I’m sure you had a similar reaction to the 49ers hiring John Lynch to be their next GM, but here was mine:
Talk about rolling the dice. Lynch’s resume consists of nine Pro Bowl appearances, inclusion in the Buccaneers’ Ring of Honor (he’s in the Broncos’ Ring as well), eight and a half years behind the mic as a Fox broadcaster and—here’s the kicker—not a single day of NFL front office experience. Zero. Zilch. Nada.
As history has taught us, that can go any number of ways. Matt Millen, who was hired under similar circumstances in the early 2000s, was a colossal failure during his nine-year stint as Lions GM (seriously, how did he last that long?). John Elway has had much more success, though he was able to draw on his experience as an executive in the Arena Football League before he joined the Broncos as their GM and VP of Football Operations.
What’s particularly baffling about the hire is that Lynch wasn’t even a CANDIDATE before Sunday. For at least a week, the Niners had led us to believe that their GM search was a two-man race between Cardinals VP of Player Personnel Terry McDonough (brother of ESPN Monday Night Football announcer Sean McDonough) and Vikings Assistant GM George Paton. Both candidates traveled to Atlanta last weekend to meet with Falcons OC Kyle Shanahan, who will be officially announced as the Niners’ next head coach after the Super Bowl. Lynch reportedly volunteered for the job by calling up Shanahan, whose father Mike Shanahan coached Lynch for four years in Denver. Amazingly, that phone call along with a face-to-face meeting with Shanahan in Atlanta was enough to bypass the other nine candidates that interviewed for the job.
If anything, the Lynch hire proves that Shanahan will be the one calling the shots in San Francisco. That may have been what made the Niners job so appealing to him. San Francisco’s roster is admittedly bare bones and will probably require a complete overhaul. But the understanding that the 49ers won’t be competing anytime soon gives Shanahan considerable freedom to shape the roster—and apparently the front office as well. He may not have gotten that opportunity elsewhere. Hopefully the Lynch/Shanahan pairing gives the Niners a sense of continuity that’s been sorely lacking in recent years. Shanahan will be the 49ers’ fourth coach is as many seasons.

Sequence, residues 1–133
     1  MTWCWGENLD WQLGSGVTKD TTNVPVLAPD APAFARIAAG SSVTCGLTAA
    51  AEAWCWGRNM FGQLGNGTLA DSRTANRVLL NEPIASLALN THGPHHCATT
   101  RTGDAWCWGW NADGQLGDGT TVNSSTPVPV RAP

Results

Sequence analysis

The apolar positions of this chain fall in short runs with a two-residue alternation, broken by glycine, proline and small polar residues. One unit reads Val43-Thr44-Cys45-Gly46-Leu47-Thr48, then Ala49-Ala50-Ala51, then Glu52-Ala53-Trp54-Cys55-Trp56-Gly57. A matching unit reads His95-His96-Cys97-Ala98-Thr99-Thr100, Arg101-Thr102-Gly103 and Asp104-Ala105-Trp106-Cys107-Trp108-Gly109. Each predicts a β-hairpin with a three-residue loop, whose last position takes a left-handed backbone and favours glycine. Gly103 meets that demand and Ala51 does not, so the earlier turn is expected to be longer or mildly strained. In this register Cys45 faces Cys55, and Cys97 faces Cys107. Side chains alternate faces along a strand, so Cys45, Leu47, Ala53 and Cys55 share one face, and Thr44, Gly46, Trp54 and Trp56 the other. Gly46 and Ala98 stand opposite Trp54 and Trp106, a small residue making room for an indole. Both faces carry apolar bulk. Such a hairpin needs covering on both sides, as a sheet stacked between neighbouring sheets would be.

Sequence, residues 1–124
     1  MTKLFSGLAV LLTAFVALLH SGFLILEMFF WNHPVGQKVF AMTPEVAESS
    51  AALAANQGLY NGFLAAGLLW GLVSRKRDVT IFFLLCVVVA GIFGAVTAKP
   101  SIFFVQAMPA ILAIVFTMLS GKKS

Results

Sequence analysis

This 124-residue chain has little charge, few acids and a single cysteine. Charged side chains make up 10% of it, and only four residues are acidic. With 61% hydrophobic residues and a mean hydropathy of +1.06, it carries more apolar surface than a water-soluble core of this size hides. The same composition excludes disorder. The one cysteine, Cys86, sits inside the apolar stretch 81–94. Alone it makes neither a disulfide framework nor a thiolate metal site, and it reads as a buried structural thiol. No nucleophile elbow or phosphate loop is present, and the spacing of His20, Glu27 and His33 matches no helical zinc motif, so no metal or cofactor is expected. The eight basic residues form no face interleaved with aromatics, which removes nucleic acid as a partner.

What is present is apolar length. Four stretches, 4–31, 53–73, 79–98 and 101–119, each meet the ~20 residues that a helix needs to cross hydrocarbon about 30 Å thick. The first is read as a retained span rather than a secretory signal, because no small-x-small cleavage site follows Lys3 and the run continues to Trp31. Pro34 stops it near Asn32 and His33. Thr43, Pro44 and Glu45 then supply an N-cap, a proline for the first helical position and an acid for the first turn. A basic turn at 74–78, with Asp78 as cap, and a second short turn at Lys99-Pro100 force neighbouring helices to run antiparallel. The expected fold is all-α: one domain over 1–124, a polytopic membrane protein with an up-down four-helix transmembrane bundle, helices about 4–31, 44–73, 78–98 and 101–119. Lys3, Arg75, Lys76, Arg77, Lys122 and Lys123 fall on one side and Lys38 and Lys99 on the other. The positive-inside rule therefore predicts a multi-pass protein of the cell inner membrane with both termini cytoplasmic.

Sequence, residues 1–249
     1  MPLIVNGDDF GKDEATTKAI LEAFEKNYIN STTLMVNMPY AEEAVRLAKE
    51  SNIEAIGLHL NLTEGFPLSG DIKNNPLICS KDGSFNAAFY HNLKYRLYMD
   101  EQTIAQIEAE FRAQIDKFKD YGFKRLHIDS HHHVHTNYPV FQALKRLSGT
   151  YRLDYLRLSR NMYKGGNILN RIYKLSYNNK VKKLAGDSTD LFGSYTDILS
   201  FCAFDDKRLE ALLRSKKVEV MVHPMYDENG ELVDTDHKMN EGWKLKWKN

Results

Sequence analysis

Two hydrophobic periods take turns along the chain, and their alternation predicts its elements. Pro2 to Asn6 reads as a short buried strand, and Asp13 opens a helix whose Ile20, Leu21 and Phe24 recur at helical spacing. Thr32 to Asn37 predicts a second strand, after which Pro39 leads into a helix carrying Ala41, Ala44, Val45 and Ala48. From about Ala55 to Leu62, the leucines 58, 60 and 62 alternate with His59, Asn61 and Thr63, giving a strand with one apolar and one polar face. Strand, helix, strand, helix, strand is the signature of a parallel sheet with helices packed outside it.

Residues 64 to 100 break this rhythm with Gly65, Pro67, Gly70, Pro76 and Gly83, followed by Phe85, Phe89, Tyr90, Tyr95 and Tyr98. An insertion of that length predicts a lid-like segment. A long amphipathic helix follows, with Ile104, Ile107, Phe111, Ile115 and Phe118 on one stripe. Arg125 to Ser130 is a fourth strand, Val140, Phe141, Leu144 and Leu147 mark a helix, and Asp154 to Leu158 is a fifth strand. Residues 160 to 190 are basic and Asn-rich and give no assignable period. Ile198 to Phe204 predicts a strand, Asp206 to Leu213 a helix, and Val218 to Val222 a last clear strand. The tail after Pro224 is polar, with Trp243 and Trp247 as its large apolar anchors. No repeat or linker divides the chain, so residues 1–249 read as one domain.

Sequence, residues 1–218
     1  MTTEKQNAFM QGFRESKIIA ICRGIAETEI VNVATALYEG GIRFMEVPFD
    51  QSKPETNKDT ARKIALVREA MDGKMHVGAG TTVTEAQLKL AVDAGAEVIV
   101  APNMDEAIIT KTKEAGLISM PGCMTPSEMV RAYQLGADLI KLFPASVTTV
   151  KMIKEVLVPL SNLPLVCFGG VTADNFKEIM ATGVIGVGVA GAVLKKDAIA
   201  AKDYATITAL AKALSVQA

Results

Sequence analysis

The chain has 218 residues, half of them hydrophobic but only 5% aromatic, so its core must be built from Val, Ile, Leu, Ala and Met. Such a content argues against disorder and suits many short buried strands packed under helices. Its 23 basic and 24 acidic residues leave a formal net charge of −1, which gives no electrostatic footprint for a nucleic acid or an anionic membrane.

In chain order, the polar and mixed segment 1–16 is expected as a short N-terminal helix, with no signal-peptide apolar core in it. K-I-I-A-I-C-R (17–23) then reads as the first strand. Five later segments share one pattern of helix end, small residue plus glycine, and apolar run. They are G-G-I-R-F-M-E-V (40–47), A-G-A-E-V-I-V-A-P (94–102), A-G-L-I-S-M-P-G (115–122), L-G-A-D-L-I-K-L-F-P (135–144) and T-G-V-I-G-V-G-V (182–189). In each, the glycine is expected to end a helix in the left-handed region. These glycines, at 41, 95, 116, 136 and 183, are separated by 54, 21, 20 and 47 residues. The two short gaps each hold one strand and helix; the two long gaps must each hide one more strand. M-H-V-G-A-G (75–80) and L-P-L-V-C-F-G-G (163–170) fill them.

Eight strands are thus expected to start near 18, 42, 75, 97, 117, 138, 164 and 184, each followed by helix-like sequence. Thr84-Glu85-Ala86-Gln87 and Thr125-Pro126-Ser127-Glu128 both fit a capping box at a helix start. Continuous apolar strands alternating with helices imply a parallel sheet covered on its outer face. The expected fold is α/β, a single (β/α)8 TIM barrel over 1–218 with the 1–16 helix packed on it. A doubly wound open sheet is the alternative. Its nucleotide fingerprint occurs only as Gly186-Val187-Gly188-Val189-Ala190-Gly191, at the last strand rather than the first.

The way Lynch leapfrogged nine other GM candidates, all with legitimate front office credentials, has understandably rubbed some people the wrong way. It’s a reckless hire on the surface but the Niners are likely to put in plenty of safety nets to combat Lynch’s relative inexperience. A report from PFT’s Mike Florio suggests former Buccaneers GM Mark Dominik could be brought in to help ease Lynch’s transition. Dominik comes with an extensive background in scouting and could be installed as the 49ers’ Director of Player Personnel. Broncos Director of College Scouting Adam Peters is also being considered for that position. Whoever the Niners end up hiring to fill out their front office will likely be tasked with mentoring Lynch while he learns on the job.
Lynch was handpicked by Shanahan, which suggests the two have a similar vision. Let’s hope that’s the case. The Colts are a perfect example of what can go wrong when a GM and head coach don’t see eye-to-eye. This past season, GM Ryan Grigson’s relationship with coach Chuck Pagano deteriorated to the point where the team had to bring in a psychologist to help them settle their differences. In the end, the relationship was beyond repair. The Colts eventually fired Grigson, replacing him with Chiefs Director of Football Operations Chris Ballard.
Indy’s decision to hitch their wagon to Ballard was met with more approval than San Francisco’s outside-the-box hiring of Lynch, but at least Shanahan and Lynch appear to be on the same page. Already there seems to be some disagreement in Indianapolis over Chuck Pagano’s job status. Ballard was reportedly in favor of replacing him with Chiefs special teams coordinator Dave Toub, but owner Jim Irsay put the kibosh on that pretty quickly. Ballard insisted in his introductory press conference that Pagano’s job isn’t in danger, but saying and doing are two different things. After missing the postseason in back-to-back years, Pagano is on an extremely short leash.
In Defense of the Pro Bowl
Every year we discuss ways to improve the Pro Bowl. Occasionally the conversation will shift to whether it’s even worth having. Admittedly, the Pro Bowl has several factors working against it. For starters, it’s played at the end of the season when players are worn out and would rather do almost anything else. And when football is watered down, the product really suffers. Often the Pro Bowl becomes a glorified game of two-hand touch. Not to mention that it’s held the week before the Super Bowl, which automatically excludes any of the players competing in that game.
Despite these shortcomings, I’m happy I tuned in this year. The game was fairly competitive—the AFC won by a single touchdown and needed a late interception by Lorenzo Alexander to seal the victory. That interception was especially notable because it featured an excellent hustle play by Kirk Cousins. After being intercepted, Cousins ran the length of the field to catch up to Aqib Talib, who was headed for the end zone after receiving a lateral from Alexander. Cousins came from behind and stripped the ball away, though the AFC was able to recover it. The game’s hectic conclusion, though ultimately meaningless in the grand scheme of things, was a welcome change of pace from the yawn-inducing Pro Bowls of years past.